>> Does anyone have any ideas of how I can solve this
> There is some controversy or difference of opinion on this,
> but my experience, everything I can measure or simulate, and
> any data I get from other sources indicates the noise is
> from corona discharge from sharp points in or around the
> antenna. This corona discharge is caused by voltage gradient
> between the earth and clouds around the antenna during
> inclement weather.
> The other opinion (that I do not find evidence to support)
> is that charged droplets or particles hit the antenna and
> discharge, making noise.
I think you will find that precipitation static is neither.
It's basically the a charge building from many droplets, or snow flakes
removing electrons from the ungrounded elements, or wires. The charge
builds to the point where it arcs over.
Snow is particularly bad with this and the stronger the wind the more rapid
I've never had precipitation static from a grounded antenna.
> Regardless of the actual effect behind the noise grounding
> the antenna or the fact it is a log periodic has nothing to
> do with causing the problem or with sensitivity of the
> antenna to noise. I have that problem with gamma matched
> yagis just as much as with insulated elements. It occurs
> with dc grounded elements the same as with floating
That has not been my experience. However if there is an ungrounded antenna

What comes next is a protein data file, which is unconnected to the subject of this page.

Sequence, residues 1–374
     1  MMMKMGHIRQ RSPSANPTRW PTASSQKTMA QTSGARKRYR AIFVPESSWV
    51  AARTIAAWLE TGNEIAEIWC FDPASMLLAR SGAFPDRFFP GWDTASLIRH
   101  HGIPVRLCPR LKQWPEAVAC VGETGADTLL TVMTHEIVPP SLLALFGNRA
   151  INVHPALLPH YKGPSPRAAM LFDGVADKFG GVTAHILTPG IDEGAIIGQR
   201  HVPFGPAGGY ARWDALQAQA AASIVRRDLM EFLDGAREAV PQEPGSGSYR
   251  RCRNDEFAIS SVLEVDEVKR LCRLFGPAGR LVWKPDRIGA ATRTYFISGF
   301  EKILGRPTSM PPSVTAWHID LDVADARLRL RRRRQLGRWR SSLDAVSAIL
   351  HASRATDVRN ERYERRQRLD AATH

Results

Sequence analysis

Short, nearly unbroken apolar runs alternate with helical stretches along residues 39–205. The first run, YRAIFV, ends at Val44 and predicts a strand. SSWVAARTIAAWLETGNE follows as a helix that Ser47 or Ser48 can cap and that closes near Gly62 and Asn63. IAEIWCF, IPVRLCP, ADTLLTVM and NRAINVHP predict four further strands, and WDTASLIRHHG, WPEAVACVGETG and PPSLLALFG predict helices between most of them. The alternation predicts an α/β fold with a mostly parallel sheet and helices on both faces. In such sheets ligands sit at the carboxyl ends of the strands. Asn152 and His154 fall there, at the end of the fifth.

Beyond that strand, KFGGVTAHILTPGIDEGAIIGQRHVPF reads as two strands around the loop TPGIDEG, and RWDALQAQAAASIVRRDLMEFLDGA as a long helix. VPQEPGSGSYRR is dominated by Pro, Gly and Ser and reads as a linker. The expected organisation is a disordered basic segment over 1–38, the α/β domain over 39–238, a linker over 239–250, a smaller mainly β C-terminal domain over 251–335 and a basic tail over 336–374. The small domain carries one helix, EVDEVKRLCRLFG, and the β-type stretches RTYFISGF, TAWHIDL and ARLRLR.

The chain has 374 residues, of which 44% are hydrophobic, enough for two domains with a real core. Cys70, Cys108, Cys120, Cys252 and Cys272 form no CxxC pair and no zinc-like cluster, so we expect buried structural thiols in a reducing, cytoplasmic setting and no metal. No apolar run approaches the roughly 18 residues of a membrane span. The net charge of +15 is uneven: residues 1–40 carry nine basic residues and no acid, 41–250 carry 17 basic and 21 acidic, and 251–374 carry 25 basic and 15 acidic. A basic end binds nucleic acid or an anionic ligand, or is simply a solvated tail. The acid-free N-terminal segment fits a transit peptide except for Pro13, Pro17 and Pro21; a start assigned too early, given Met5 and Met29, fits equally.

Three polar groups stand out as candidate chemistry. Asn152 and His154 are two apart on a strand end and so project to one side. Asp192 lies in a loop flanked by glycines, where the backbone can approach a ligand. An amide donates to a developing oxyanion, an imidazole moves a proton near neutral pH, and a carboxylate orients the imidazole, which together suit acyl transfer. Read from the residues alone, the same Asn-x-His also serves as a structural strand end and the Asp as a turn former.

near by, closeline, guy lines, or electric fence they will generate a spark
just like the old ignition systems with solid wires. Those things could be
heard for hundreds of yards.
> We spent weeks working on repeater and other communications
> systems on tall buildings trying to eliminate that type of
> noise. Lowering the antenna, making protruding antenna ends
> blunter or more rounded or using insulated element tips,
> installing something higher above the antenna to divert
> charge to that other point and away from the antenna
> elements, and eliminating sharp points on the tower and
> antenna often help.
The worst antenna I ever had for precipitation static was a 1/4 wave, ground
mounted vertical on 40 made out of 1 1/2" steel masting. On a windy day
when it was snowing that thing would develop an arc across the end of a
PL-259. It wasn't straight across either. The arc would extend as much as a
half to three quarters of an ench forward from the tip of the connector and
it'd pop like a small firecracker. It was a nice *thick* bright blue arc
about every 5 to 10 seconds.
Roger Halstead (K8RI and ARRL 40 year Life Member)
N833R - World's oldest Debonair CD-2
> When I have that noise here I switch to a lower antenna.
> 73 Tom
> See: http://www.mscomputer.com for "Self Supporting Towers", "Wireless
> Weather Stations", and lot's more. Call Toll Free, 1-800-333-9041 with
> any questions and ask for Sherman, W2FLA.
> TowerTalk mailing list
See: http://www.mscomputer.com for "Self Supporting Towers", "Wireless Weather
Stations", and lot's more. Call Toll Free, 1-800-333-9041 with any questions
and ask for Sherman, W2FLA.
TowerTalk mailing list